Do you refer patients for more of skull x-ray than CT scan? (n=33)

 

 

 

Yes

6

1

7 (21.2%)

No

23

3

26 (78.8%)

Should head injured patients undergo both X-Ray and CT scan? (n=31)

 

 

 

Yes

9

2

11(35.5%)

No

19

1

20 (64.5%)

Do you think CT is better than skull x-ray in the examination of head injury? (n=33)

 

 

 

Yes

28

4

32(97.0%)

No

1

0

1 (3.0%)

Does CT subject the patient to any risks? (n=28)

 

 

 

Yes

23

3

26(92.9%)

No

2

0

2 (7.1%)

Risk(s) of CT outweigh its benefits? (n=29)

 

 

 

Yes

12

1

13(44.8%)

No

14

2

16(55.2%)

 Do you think this modality should be continued? (n=28)

 

 

 

Yes

25

3

28 (100%)

Note: Among the miscellaneous patients included by the respondents were patients with tumours / other malignancies; spinal injury; meningitis; stroke and unconscious and bleeding patients.

Discussion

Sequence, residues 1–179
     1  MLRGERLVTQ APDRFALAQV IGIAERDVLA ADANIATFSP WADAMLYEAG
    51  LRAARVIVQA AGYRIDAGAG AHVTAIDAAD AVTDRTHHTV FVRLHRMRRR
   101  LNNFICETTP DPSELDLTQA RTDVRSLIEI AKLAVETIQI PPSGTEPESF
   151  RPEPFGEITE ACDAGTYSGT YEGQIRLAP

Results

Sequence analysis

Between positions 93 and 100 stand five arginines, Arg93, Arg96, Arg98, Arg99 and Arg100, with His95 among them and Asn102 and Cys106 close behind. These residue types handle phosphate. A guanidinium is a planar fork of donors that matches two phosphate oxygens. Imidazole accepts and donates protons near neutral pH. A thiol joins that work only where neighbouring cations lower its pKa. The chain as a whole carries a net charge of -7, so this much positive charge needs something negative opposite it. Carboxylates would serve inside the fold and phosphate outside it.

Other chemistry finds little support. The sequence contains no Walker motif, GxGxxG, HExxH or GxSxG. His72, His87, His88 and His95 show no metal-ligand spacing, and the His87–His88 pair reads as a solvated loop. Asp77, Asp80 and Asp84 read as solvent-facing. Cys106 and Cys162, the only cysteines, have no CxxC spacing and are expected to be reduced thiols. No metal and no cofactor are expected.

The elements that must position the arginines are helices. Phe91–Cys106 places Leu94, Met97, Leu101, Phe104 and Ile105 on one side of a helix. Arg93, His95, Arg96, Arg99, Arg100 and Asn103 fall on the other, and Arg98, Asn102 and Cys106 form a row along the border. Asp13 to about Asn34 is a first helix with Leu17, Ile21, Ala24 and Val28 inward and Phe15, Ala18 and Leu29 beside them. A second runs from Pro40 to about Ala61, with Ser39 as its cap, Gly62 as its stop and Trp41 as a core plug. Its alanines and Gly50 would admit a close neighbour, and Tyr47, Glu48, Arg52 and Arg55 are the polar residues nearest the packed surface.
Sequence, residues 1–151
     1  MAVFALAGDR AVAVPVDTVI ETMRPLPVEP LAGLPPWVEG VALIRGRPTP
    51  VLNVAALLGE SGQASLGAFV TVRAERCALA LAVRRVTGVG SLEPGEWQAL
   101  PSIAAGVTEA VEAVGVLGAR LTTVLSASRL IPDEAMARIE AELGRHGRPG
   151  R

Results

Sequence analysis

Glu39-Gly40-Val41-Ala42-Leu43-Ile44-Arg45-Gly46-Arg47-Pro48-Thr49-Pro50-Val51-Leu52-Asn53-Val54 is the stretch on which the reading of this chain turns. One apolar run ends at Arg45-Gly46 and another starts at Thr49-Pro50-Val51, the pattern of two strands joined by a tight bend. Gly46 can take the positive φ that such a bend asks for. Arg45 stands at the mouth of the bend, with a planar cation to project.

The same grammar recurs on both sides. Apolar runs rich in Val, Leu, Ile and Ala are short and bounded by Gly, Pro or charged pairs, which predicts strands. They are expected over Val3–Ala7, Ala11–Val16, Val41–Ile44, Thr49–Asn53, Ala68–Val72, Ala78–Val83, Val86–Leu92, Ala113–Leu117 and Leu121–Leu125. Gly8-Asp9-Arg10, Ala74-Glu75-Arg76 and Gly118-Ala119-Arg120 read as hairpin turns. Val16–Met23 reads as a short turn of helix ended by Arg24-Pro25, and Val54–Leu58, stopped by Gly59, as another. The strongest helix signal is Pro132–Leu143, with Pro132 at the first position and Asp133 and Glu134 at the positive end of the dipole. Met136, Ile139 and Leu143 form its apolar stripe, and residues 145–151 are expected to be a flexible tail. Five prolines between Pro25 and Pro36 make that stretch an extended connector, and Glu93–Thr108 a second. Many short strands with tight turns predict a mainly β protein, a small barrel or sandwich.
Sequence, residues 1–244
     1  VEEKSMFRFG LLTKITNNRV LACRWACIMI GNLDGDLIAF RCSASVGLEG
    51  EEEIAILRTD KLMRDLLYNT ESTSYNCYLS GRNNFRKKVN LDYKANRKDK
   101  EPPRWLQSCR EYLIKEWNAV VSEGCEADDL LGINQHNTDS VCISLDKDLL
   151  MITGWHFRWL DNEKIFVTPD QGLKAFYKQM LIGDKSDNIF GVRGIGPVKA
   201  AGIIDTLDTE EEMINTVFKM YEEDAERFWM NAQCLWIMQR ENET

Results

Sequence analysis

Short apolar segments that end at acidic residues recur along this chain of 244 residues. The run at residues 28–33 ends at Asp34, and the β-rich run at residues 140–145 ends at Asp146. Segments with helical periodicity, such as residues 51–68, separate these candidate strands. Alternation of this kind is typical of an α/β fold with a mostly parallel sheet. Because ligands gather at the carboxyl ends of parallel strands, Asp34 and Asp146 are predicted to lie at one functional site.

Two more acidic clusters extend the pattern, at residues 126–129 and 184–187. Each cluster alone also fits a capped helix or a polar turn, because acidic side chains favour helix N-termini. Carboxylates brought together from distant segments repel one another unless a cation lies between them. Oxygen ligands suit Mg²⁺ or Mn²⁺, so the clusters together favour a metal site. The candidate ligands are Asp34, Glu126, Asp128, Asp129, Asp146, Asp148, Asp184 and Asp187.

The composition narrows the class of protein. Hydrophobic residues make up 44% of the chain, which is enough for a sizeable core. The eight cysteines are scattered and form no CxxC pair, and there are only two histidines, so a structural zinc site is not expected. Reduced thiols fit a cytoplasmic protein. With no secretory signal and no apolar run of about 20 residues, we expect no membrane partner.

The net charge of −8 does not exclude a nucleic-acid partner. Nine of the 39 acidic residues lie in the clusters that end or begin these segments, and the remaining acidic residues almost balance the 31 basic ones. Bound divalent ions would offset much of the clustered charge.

The study showed that 29 (87.88%) of the emergency physicians were males and 4 (12.12%) of the emergency physicians were females. It was also seen that 51.5% of the emergency physicians in the various government hospitals fall within 1-5years of practice in these hospitals under study and the remaining 51.57% was shared among the other range of years of practice of the physicians in the various hospitals. In spite of the relative literacy of CT imaging modality and its use shown by the emergency physicians, the study shows that 2 of the emergency physicians (7.1%) don't know that CT scan subjects the patient to some form of risks and also13 of the emergency physicians (44.8%) do not know that the benefits the patients derive from undergoing an examination with this imaging modality outweighs the risk he/she is subject to from this examination. This implies that the level of awareness towards the use of CT in the examination of head injury patients by the sampled population which represents the entire population in the areas of study is high. The study also tries to know what the emergency physicians think about the usefulness of the imaging modality in head injured patients as compared to skull x-ray, it is thus revealed by this study in fig. 13 that all the emergency physicians (100%) are aware that CT is a useful modality and should be used in the examination of head injury. All the emergency physicians were asked whether CT scan is better than the skull x-ray in the examination of head injury and 32 (97.0%) of them stated that CT scan is better that skull X-ray for the management of patients with head injury while 28 of them from the different hospitals stated that CT scan is their imaging modality of choice.